Others also pointed out that keeping the price is an advantage for resellers, who might have to sell the product at a markup if the original price has already been revealed online.
Here are some of the reactions from Facebook users:
I don’t buy from them. I find it a stupid approach, to be frank. You’re wasting time & effort to keep answering messages. Sayang din ‘yung customer na umaalis kasi hassle pa magtanong ng presyo (I always skip shops na ganyan ang lakaran).”
Sending a PM also makes us connected with our buyers and gives us sellers the opportunity to salestalk, on the other hand, putting the price often makes them decline without even knowing what you actually can offer.”
Right to Information
DTI believed that part of the consumer’s rights is the “right to information“which clearly specifies they should be provided: “protection against deceptive advertising or labeling,” and “the right to be given the facts and information needed to make an informed choice.”
It was only last year when the DTI mandated a bylaw wanting to control online transactions in an attempt to defend consumers from fraudulent and fake merchandises.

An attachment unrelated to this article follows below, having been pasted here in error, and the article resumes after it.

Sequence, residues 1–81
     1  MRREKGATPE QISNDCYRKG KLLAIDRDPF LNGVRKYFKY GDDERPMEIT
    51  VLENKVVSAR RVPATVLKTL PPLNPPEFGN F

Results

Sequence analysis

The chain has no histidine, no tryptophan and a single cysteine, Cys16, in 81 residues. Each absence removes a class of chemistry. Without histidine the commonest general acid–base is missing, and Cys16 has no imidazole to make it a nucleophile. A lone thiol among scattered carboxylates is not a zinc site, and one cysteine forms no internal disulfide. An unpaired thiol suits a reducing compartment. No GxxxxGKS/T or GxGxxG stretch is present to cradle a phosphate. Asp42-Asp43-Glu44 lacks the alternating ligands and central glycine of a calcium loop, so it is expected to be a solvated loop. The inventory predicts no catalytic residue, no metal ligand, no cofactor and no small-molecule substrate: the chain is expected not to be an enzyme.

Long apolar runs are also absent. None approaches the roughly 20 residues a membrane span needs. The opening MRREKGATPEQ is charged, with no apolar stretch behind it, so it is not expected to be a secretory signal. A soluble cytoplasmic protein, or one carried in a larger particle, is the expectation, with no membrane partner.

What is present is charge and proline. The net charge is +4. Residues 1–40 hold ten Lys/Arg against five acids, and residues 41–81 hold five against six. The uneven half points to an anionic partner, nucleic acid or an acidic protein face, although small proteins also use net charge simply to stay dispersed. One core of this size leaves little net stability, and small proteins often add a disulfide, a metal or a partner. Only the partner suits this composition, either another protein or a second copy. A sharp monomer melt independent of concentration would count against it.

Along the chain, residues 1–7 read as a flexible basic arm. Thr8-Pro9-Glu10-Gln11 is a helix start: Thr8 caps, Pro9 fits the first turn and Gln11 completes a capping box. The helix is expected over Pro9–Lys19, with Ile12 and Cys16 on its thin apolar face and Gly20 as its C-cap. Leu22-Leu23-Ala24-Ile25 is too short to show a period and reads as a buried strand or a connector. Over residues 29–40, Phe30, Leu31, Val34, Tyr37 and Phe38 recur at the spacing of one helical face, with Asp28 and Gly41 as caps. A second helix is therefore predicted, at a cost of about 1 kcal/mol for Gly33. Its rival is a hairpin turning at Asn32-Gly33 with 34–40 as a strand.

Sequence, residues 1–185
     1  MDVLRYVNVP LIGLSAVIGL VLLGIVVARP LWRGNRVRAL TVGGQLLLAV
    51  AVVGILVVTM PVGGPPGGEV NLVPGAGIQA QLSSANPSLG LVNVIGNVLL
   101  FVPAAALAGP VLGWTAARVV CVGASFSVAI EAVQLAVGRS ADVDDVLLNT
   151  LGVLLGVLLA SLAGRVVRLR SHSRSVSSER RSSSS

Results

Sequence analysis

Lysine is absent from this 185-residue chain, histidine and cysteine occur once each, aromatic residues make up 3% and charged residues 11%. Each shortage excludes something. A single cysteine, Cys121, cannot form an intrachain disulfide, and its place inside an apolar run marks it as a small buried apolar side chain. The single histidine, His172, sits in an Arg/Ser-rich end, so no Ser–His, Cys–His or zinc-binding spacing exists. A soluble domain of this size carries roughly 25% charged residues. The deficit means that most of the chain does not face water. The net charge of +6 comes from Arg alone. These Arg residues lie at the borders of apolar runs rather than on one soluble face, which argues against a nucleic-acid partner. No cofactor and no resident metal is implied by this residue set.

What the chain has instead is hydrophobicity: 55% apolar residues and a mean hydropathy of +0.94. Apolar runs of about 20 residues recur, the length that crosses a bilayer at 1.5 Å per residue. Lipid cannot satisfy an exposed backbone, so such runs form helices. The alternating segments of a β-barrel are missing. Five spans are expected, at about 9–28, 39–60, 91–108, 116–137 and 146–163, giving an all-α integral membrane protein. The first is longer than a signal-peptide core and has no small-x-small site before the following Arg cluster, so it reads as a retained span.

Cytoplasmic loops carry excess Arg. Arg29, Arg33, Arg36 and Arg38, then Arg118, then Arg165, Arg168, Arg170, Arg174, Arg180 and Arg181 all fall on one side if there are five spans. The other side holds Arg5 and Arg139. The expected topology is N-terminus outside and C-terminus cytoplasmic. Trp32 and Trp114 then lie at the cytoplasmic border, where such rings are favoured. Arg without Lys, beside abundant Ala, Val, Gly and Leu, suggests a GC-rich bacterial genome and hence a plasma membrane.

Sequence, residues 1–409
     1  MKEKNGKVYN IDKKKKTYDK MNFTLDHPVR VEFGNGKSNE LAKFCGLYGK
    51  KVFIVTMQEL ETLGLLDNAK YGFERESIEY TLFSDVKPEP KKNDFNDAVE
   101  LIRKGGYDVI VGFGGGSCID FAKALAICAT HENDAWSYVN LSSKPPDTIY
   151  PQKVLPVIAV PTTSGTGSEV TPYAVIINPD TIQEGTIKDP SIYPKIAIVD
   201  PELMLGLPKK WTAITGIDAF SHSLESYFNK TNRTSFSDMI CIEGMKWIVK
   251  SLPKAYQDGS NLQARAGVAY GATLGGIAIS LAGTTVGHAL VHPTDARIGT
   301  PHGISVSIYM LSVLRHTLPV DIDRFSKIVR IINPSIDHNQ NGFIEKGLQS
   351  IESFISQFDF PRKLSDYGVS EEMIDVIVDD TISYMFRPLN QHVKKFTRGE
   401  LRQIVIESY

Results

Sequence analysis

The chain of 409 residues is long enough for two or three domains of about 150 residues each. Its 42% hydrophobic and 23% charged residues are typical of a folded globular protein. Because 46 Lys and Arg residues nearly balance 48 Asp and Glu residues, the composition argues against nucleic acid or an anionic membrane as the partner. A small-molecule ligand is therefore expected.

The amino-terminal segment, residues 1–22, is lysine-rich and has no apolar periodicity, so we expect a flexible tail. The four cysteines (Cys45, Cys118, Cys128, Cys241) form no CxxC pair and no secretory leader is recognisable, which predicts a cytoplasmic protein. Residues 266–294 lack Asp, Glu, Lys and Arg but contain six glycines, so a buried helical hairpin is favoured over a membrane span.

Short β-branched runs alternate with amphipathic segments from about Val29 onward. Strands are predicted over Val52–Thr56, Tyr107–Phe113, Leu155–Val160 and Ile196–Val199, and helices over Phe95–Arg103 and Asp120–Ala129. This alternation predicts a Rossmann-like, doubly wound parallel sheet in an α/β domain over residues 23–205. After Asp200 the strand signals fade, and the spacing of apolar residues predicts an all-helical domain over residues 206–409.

Ruth Castelo, The DTI Undersecretary, on the other hand, confessed that on line selling does not have a particular that is why they are trying to form an “e-commerce road map.”
In an interview, she said that the specific act is not being recognized as a serious thing; because people are thinking that it’s not a big thing.
Right now, the Consumer Act does not make a distinction between a brick-and-mortar store and an online store, and we want a specific law saying all online transactions shall be handled by this particular department.”
The rise of online selling
Online businesses have been very much boosted from the time when quarantine procedures were implemented in an attempt to lessen the spread of COVID-19 and so that Filipinos may continue to earn profits.
A lot of people tried e-commerce out and they’ve been thrilled and happy about doing it. Many different types and kinds of people have started out and they seem to be getting along with it fine. How about you? What do you think of the PM sent culture that we Filipinos have been so accustomed to?
Do you think that it is just a right act to eradicate the PM sent habit? Or is this not a big of a deal that we can just let it go?